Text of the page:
Adults and children may have different medical considerations:
Although there is still more information on pediatric AD/HD, there is an emerging body of knowledge specific to medication for adult AD/HD. Many of the medications are the same as those used for children and adolescents. However, when treating adults, there are several general differences to consider. Although adults are generally larger, their liver and kidney function may not be as robust as children. Thus an adult may need less of a particular medication per pound of body weight. A given dose of medication may hang around longer in the adult’s system.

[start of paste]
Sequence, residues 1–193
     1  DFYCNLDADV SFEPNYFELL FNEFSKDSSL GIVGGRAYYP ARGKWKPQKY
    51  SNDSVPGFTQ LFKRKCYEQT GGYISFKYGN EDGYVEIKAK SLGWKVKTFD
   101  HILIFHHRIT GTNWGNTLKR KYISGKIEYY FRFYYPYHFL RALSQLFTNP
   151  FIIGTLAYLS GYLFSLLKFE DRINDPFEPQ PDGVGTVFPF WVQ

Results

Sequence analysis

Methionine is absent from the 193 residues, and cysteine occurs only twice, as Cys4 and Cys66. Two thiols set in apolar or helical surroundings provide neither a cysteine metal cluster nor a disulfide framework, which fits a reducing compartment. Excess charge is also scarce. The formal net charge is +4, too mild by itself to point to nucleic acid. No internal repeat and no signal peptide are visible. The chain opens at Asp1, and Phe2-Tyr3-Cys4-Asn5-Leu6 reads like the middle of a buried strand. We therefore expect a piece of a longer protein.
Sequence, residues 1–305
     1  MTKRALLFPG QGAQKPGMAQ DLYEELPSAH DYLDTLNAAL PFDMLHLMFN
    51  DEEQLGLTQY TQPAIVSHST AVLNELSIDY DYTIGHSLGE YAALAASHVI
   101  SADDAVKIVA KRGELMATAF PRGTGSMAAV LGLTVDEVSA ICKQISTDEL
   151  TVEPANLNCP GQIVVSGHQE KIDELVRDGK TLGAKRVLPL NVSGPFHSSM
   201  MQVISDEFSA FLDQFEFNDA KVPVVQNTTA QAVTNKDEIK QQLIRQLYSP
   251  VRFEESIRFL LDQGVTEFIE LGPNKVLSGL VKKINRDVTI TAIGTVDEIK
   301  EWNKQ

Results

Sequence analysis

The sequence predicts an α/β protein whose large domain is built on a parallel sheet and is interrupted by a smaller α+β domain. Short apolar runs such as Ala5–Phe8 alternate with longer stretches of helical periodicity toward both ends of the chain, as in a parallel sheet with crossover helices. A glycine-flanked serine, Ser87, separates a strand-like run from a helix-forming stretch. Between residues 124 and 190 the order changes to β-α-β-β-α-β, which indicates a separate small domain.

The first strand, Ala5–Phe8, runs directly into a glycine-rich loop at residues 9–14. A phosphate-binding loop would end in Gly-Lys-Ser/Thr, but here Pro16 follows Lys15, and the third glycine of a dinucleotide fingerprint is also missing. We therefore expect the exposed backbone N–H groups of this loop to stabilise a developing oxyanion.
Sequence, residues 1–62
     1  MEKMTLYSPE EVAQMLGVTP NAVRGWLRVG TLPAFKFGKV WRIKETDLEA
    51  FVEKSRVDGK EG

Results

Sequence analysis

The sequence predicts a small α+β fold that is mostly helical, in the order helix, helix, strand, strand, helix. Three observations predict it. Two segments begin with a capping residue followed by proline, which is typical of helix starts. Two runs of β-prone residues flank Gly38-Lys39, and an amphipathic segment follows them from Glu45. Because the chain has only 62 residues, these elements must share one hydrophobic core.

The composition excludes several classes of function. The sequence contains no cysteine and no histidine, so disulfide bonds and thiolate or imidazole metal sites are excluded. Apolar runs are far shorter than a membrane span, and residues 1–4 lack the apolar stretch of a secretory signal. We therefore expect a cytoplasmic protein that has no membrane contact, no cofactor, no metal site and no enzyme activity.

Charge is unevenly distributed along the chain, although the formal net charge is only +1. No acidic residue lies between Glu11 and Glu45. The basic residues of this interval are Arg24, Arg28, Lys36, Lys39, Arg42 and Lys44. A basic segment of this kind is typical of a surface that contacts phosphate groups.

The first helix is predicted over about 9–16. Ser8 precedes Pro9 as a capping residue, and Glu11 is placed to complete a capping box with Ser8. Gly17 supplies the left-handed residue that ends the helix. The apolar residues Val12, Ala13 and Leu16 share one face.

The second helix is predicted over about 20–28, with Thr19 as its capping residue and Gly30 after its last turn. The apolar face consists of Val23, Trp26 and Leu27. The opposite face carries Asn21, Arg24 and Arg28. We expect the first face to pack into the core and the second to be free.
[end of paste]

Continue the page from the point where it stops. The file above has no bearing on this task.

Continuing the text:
Adults are more likely to be taking medications for other medical conditions such as high blood pressure or diabetes. These may interact with the AD/HD medication. Conversely, some of these other medications may cause inattention and thus exacerbate or mimic AD/HD. For example, a clinician from another state referred me a patient with possible AD/HD. It turned out that an anxiety disorder, along with two medications she was taking, caused her inattention.
Stimulants can cause modest increases in blood pressure and heart rate. Thus there has been some concern that widespread use of stimulant medications in adults might lead to an increase in heart attacks, strokes and other cardiovascular problems.